The Securities and Exchange Commission (SEC) has reiterated its commitment to ensuring that the nation’s capital market is attractive to all age groups and economic classes.

Director-General of the SEC, Lamido Yuguda, stated this during a meeting with a team led by the British Deputy High Commissioner, Ben Llewellyn-Jones, in Abuja at the weekend.

Yuguda said the commission is implementing various initiatives to ensure that products and offerings in the market are accessible to both the young and old to deepen the market.

He expressed worry that the average age of account holders in the Central Securities Clearing System (CSCS) was over 50, an indication that young people are not participating in the market.

“When we assumed office, we were shocked to know that the average age of the CSCS account holder was over 50 years. The CSCS is a depository, so, if you are investing in equities, you must have a CSCS account.

“When young people are not participating in any market, that market is doomed to fail. Young people today prefer to do things on their phones, if you have to fill a stack of forms manually, young people will not do it.

“We want to make investing in the capital market a fun experience. The capital market experience starts with a bank account, we have decided to look at the whole process and find out what is turning young people off and we have started the process.”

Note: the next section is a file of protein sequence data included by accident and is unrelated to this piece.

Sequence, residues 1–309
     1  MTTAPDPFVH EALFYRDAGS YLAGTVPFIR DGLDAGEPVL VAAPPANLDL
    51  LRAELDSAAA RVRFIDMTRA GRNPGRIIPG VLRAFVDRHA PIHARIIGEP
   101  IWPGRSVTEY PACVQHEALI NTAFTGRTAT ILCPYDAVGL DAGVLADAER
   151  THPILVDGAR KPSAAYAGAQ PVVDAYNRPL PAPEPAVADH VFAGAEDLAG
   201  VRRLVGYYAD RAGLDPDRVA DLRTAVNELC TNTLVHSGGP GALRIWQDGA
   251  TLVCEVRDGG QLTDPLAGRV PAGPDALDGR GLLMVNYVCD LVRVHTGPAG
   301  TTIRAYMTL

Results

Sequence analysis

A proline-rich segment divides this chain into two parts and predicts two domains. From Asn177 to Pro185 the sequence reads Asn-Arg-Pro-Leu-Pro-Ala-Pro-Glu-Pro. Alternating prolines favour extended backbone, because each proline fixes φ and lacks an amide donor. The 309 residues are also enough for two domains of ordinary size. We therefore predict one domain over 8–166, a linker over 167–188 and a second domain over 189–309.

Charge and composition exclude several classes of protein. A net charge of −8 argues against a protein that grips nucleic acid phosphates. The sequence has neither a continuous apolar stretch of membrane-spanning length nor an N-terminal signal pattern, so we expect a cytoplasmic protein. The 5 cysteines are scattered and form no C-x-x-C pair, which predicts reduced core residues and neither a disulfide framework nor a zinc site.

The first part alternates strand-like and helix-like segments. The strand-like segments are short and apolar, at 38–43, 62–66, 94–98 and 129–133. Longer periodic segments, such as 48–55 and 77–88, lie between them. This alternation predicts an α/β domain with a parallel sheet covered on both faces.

Yuguda disclosed that the recently approved e-offer for MTN witnessed increased patronage from Nigerians, especially the younger age bracket.

According to him, the process is one of the steps, among other initiatives already outlined, to make investing in the capital market a much better experience for investors both young and old.

He said the experience has shown that when people do not have access to interesting products in a regulated market, they tend to patronise Ponzi schemes and the parallel market.

He assured that the commission would do everything within its powers to attract this group of investors to the regulated market to deepen the nation’s bourse.

Yuguda also stated that the commission, in its drive to promote market development, is currently focusing on a proper identity management system, which would also stem the rising unclaimed dividends in the capital market.

In his remarks, Llewellyn-Jones stressed the need for the SEC to create more alternative options for investments for all classes of people as one of the ways of pulling people away from unregulated space.